1996/97 ACM International Collegiate Programming Contest
University of Ulm Internal Contest
## Problem A ## Arbitrage
Source file: arbitrage.c
Input file: arbitrage.in
Arbitrage is the use of discrepancies in currency exchange rates to transform one unit of a currency into more than one unit of the same currency. For example, suppose that 1 US Dollar buys 0.5 British pound, 1 British pound buys 10.0 French francs, and 1 French franc buys 0.21 US dollar. Then, by converting currencies, a clever trader can start with 1 US dollar and buy 0.5 * 10.0 * 0.21 = 1.05 US dollars, making a profit of 5 percent.
Your job is to write a program that takes a list of currency exchange rates as input and then determines whether arbitrage is possible or not.
The input file will contain one or more test cases. Om the first line of each test case there is an integer *n* (1<=*n*<=30), representing the number of different currencies. The next *n* lines each contain the name of one currency. Within a name no spaces will appear. The next line contains one integer *m*, representing the length of the table to follow. The last *m* lines each contain the name *c*_{i} of a source currency, a real number *r*_{ij} which represents the exchange rate from *c*_{i} to *c*_{j} and a name *c*_{j} of the destination currency. Exchanges which do not appear in the table are impossible.
Test cases are separated from each other by a blank line. Input is terminated by a value of zero (0) for *n*.
### Output Specification
For each test case, print one line telling whether arbitrage is possible or not in the format "Case *case*: Yes" respectively "Case *case*: No".
### Sample Input
3
USDollar
BritishPound
FrenchFranc
3
USDollar 0.5 BritishPound
BritishPound 10.0 FrenchFranc
FrenchFranc 0.21 USDollar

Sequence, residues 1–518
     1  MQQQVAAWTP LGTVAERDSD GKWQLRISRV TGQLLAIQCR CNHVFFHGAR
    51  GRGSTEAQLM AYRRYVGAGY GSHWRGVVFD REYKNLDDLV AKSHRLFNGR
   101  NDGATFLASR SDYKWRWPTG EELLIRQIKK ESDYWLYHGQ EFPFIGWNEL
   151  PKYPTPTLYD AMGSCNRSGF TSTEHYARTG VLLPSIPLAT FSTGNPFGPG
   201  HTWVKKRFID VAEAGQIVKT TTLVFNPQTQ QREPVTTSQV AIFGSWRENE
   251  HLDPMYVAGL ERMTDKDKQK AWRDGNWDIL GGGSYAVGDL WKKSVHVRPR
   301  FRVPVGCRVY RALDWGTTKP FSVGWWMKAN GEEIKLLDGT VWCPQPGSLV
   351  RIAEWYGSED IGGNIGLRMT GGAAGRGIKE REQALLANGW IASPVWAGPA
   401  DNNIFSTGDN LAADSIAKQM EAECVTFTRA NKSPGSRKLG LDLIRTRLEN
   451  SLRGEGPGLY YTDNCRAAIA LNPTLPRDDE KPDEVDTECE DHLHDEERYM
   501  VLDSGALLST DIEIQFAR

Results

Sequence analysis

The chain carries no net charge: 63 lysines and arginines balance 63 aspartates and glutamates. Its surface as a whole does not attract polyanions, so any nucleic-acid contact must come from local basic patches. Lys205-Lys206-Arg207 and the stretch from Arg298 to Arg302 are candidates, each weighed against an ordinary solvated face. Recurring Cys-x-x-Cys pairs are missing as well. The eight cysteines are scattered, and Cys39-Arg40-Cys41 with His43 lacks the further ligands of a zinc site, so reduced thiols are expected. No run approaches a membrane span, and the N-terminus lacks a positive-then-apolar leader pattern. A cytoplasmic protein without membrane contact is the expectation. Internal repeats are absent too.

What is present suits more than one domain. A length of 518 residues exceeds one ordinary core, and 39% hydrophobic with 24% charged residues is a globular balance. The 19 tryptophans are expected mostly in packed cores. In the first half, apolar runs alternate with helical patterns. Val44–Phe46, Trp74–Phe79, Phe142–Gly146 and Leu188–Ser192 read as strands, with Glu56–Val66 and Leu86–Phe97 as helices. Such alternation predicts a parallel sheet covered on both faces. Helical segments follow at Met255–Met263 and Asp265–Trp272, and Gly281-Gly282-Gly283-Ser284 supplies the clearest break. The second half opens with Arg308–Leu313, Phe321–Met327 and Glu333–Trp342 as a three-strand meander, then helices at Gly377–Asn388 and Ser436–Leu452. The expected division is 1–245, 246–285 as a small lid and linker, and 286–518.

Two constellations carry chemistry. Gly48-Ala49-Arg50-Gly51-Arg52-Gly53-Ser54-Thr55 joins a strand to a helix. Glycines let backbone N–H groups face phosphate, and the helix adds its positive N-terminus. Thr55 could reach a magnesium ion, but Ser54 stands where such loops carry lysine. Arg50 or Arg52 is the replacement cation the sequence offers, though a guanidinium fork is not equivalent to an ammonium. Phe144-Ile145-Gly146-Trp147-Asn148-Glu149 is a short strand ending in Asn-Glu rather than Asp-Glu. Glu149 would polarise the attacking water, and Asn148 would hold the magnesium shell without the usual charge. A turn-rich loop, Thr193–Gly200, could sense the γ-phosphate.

3
USDollar
BritishPound
FrenchFranc
6
USDollar 0.5 BritishPound
USDollar 4.9 FrenchFranc
BritishPound 10.0 FrenchFranc
BritishPound 1.99 USDollar
FrenchFranc 0.09 BritishPound
FrenchFranc 0.19 USDollar
0
### Sample Output
Case 1: Yes
Case 2: No
1996/97 ACM International Collegiate Programming Contest
University of Ulm Internal Contest
## Problem B ## The Tower of Babylon
Source file: babylon.c
Input file: babylon.in
Perhaps you have heard of the legend of the Tower of Babylon. Nowadays many details of this tale have been forgotten. So now, in line with the educational nature of this contest, we will tell you the whole story:
The babylonians had *n* types of blocks, and an unlimited supply of blocks of each type. Each type-*i* block was a rectangular solid with linear dimensions (*x*_{i}*, y*_{i}*, z*_{i}). A block could be reoriented so that any two of its three dimensions determined the dimensions of the base and the other dimension was the height.
They wanted to construct the tallest tower possible by stacking blocks. The problem was that, in building a tower, one block could only be placed on top of another block as long as the two base dimensions of the upper block were both strictly smaller than the corresponding base dimensions of the lower block. This meant, for example, that blocks oriented to have equal-sized bases couldn't be stacked.
Your job is to write a program that determines the height of the tallest tower the babylonians can build with a given set of blocks.
### Input Specification
The input file will contain one or more test cases. The first line of each test case contains an integer *n*,
representing the number of different blocks in the following data set. The maximum value for *n* is 30.
Each of the next *n* lines contains three integers representing the values *x*_{i}, *y*_{i} and *z*_{i}.
Input is terminated by a value of zero (0) for *n*.
### Output Specification
For each test case, print one line containing the case number (they are numbered sequentially starting from 1) and the height of the tallest possible tower in the format "Case *case*: maximum height = *height*"
### Sample Input
1
10 20 30
2
6 8 10
5 5 5
7
1 1 1
2 2 2
3 3 3
4 4 4
5 5 5
6 6 6
7 7 7
5
31 41 59
26 53 58
97 93 23
84 62 64
33 83 27
0
### Sample Output
Case 1: maximum height = 40
Case 2: maximum height = 21
Case 3: maximum height = 28
Case 4: maximum height = 342
1996/97 ACM International Collegiate Programming Contest
University of Ulm Internal Contest
## Problem C ## The Circumference of the Circle
Source file: circle.c
Input file: circle.in
To calculate the circumference of a circle seems to be an easy task - provided you know its diameter. But what if you don't?
You are given the cartesian coordinates of three non-collinear points in the plane.
Your job is to calculate the circumference of the unique circle that intersects all three points.
### Input Specification
The input file will contain one or more test cases. Each test case consists of one line containing six real numbers *x*_{1}*,y*_{1}*, x*_{2}*,y*_{2}*,x*_{3}*,y*_{3}, representing the coordinates of the three points. The diameter of the circle determined by the three points will never exceed a million. Input is terminated by end of file.